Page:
As I walked through the picturesque setting of Cannon Hill Park in Birmingham (not the American one), exhausted from the fatiguing task of doing nothing all day other than watching ‘Breaking Bad’ my mind turned to my birthday. 21 on Thursday. Not that there’ll much to the celebrations, or even much of an expectancy to how it will turn out. As far as I’m concerned, I turn 21. That’s the end of it. I don’t really have very good birthday parties; I sort of want to have a decent one; but then again I’ve come to expect very little. The reality is the last few months have engulfed me in a semi-nihilism where I’m guided more by my desire to escape from the clutches of the usual monotony of family politics and routines, thanks to my recent, thankfully temporary return back home from university, than anything else. But, whilst I feebly lugged myself around the park, my thoughts turned to my future; in the emotional sense - yes, but more towards my ambitions and the way I wish to lay my mark on this remarkable planet of ours. I do not want to be remembered for being a ‘snollygoster’: noun (slang) One, especially a politician, who is guided by personal advantage rather than being consistent, respectable principles.
What a remarkable word. I’m surprised I heard of it in my lifetime if I’m honest. It seems almost too perfect to be true. Guided by personal advantage. If, I ever do go on to achieve the political aims and goals I maintain that I will one day achieve, “personal advantage” is certainly a principle that I hope is not my guiding policy. As ambiguous as the term is in understanding our political sphere today the truth of the matter is that I want to be ethical, respectful, tempered, shrewd, relatable, and above all, successful in delivering a better life to citizens both domestically and internationally. But I will never manage this feat on my own. I won’t be able to pass the first barrier on my own. If I was a certain Al-Assad however, I would wield a certain level of power that would not require that I satisfy the needs of my people at all. I could do as I pleased, when I pleased. Good or bad. Whatever I chose, it would be so provided I had the resources. Though I say what you see you already: such is the nature of a dictatorship.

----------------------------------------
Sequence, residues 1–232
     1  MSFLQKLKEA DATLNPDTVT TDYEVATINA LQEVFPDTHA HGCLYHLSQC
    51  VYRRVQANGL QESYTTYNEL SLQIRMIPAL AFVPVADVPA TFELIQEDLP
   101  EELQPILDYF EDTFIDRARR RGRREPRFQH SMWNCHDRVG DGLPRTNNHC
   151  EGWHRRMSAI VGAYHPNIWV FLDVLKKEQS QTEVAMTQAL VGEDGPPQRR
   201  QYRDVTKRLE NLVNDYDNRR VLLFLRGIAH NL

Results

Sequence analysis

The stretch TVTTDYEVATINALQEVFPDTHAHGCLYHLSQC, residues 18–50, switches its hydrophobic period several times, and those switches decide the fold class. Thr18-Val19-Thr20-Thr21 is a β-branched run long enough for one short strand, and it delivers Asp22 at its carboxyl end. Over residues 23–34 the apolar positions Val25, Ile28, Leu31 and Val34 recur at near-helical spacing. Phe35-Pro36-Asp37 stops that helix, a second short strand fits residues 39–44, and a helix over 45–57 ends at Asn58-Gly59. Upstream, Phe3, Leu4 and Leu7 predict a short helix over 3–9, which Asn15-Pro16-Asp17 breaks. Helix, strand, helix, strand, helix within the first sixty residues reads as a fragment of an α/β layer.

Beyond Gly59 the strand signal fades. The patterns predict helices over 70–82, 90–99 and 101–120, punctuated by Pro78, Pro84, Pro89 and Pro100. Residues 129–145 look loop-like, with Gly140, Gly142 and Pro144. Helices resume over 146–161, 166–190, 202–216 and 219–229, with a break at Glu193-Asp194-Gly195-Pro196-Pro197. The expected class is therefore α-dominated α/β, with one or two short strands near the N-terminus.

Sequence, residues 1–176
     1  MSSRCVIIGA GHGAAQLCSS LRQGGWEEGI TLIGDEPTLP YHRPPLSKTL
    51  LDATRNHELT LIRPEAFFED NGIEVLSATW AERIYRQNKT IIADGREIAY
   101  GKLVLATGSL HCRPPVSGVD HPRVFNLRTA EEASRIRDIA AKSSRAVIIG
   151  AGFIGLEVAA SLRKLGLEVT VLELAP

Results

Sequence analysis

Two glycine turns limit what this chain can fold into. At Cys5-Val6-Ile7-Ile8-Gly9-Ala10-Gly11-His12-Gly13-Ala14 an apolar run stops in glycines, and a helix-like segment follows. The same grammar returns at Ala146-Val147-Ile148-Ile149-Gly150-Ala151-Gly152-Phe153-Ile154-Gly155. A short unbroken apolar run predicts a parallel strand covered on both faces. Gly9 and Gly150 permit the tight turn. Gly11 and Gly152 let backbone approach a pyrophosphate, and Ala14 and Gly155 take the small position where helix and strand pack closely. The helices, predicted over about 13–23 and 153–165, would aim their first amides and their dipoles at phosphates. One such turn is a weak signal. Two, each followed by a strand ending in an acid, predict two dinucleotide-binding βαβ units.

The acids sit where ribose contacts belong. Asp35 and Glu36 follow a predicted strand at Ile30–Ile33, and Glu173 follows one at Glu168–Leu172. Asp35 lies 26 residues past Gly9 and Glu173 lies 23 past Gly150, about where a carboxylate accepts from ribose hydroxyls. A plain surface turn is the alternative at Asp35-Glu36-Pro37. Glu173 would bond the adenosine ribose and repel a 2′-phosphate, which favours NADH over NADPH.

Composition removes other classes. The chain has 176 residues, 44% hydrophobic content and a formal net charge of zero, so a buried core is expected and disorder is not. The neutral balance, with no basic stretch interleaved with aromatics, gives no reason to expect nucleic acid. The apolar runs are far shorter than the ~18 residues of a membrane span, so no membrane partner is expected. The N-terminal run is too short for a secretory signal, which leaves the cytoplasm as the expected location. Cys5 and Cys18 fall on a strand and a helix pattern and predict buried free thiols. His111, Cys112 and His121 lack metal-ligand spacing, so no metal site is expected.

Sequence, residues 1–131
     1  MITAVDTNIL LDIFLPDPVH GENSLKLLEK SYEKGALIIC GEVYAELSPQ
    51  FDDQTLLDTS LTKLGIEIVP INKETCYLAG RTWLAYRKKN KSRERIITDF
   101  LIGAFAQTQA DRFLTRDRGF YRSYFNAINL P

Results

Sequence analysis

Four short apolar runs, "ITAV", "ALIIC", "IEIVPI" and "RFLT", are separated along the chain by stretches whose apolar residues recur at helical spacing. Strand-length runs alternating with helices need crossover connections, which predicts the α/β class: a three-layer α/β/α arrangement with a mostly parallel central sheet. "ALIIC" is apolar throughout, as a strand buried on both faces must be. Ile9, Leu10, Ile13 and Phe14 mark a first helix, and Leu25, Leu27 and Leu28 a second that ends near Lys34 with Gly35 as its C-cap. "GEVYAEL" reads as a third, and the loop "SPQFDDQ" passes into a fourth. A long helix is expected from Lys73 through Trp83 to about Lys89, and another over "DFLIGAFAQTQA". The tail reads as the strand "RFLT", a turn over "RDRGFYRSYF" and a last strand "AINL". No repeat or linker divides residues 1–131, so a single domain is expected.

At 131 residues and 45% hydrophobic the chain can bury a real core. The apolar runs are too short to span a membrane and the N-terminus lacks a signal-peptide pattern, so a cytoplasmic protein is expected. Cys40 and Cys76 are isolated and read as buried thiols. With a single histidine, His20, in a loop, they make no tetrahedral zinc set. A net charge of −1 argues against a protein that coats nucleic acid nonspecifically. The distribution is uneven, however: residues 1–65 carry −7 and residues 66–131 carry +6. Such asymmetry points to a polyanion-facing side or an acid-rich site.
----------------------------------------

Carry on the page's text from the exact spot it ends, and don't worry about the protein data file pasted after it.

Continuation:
And here in England, we certainly do not live in a dictatorship, or at least not in the inextricably obvious sense of the Mubarak’s and Assad’s of this world. Here, in the tiny islands of the British Isles we carved up the world that we know of today and once upon a time impinged a degree of authoritarianism on the people we crossed and made it known what the Great British Empire was (please bellow the term ‘Great British Empire’, in a deep, momentous voice). And what has this Great British Empire climaxed up to? Prime Minister Cameron and Deputy Prime Minister Clegg. Oh dear. Well…something went wrong along the way.